I have loved history since I was a child, when we did a project on the Tudors at school. It was mind-blowing to the nine-year old me that there was a huge past that no longer exists and I wanted to find out more about it. I knew that one day as a grown-up I’d be doing something to do with history, so at 16 years old, I decided that I would become a history teacher.
I did A Levels in History of Art, Psychology and History and then went on to finish a BA (Hons) History degree at the University of Hull. Then I ran out of funding for my teaching qualification, got a job in sales to pay the bills and student loans and my dreams of working in history slumped on the back burner.
But I didn’t lose it completely. I planned days out around historical sites. I researched the history of my village for fun at the weekends. I read historical books and novels and I applied for a dream job as an administrator at a museum to be sent away because they thought I was over-qualified.
After having my children, I worked from home as a food blogger and writer for the next 10 years, inbetween taking them on day trips to castles, museums and stately homes while they rolled their eyes and asked me when lunchtime was.
And then one day, I mentioned to a friend that I loved history. She went home and emailed me a link to an eighteenth-century cookbook that she’d found online. I started to experiment, using the skills I’d learned in food writing, styling and photography and began to recreate these recipes that had been lost for so many years. The sixteenth-century A Newe Proper Boke of Cokery was my new night-time read. I decided to start my blog Love British History, to deliver my findings to a new audience who loved history (and hopefully food) as much as I did. It also became my place to research, question and debate some of the topics from other parts of history I’d loved looking at in all the years before.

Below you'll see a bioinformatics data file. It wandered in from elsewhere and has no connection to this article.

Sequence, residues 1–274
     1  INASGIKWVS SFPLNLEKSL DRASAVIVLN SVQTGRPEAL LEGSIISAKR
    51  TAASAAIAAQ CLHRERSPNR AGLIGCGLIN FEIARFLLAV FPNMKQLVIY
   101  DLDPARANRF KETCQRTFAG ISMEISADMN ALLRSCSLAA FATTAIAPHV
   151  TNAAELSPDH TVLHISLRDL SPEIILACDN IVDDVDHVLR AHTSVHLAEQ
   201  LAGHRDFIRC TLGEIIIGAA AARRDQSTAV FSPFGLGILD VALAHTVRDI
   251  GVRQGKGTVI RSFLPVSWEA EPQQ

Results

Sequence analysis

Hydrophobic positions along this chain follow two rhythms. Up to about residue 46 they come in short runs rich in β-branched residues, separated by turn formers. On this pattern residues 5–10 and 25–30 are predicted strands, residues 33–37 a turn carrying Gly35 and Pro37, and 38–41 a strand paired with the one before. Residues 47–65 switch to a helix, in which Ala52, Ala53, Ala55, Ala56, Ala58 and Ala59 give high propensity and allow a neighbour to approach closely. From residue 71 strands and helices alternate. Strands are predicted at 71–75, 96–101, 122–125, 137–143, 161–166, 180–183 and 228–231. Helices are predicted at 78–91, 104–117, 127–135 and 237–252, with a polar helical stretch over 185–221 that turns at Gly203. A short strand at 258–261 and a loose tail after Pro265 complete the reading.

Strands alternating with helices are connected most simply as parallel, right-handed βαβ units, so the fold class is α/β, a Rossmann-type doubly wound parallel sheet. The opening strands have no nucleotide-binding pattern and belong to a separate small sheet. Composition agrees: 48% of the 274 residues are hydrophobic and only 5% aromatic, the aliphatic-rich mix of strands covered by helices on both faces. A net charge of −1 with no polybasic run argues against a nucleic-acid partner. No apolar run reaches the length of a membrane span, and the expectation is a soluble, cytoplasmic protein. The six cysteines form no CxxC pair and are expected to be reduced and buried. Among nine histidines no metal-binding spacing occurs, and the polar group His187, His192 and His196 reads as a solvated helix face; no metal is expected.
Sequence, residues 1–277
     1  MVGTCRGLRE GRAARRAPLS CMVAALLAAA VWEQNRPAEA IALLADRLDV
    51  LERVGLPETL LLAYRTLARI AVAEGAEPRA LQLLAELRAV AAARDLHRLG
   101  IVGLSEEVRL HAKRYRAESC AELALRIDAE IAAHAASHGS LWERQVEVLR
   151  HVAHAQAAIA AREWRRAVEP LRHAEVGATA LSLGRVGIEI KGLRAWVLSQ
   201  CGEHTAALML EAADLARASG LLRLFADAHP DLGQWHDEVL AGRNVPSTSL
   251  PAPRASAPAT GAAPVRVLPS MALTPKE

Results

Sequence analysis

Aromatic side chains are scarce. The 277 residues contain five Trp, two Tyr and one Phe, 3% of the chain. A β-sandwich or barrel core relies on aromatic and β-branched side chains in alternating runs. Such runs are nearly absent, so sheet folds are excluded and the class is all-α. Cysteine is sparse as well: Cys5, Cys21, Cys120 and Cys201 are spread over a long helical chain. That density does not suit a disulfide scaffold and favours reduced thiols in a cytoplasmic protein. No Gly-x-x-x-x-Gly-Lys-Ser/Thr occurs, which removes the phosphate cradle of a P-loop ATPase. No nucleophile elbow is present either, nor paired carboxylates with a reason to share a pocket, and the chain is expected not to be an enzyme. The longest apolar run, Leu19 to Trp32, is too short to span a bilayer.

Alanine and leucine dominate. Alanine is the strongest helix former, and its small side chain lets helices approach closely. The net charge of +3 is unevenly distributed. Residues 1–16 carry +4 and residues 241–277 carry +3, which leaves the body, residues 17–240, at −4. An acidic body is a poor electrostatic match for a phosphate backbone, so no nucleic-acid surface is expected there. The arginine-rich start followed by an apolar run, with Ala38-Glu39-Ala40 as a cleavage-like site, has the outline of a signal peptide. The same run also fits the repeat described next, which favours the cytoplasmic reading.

I have found so many new friendships and so much support with my new-found history friends through the blog, and it’s awakened my love for history in a huge way. There aren’t many history bloggers sharing modern ways of cooking old recipes, and I really enjoy catering for that niche, as well as learning social and political history from other bloggers and sharing what I’ve learned, too.
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Want to share why you started your history blog?
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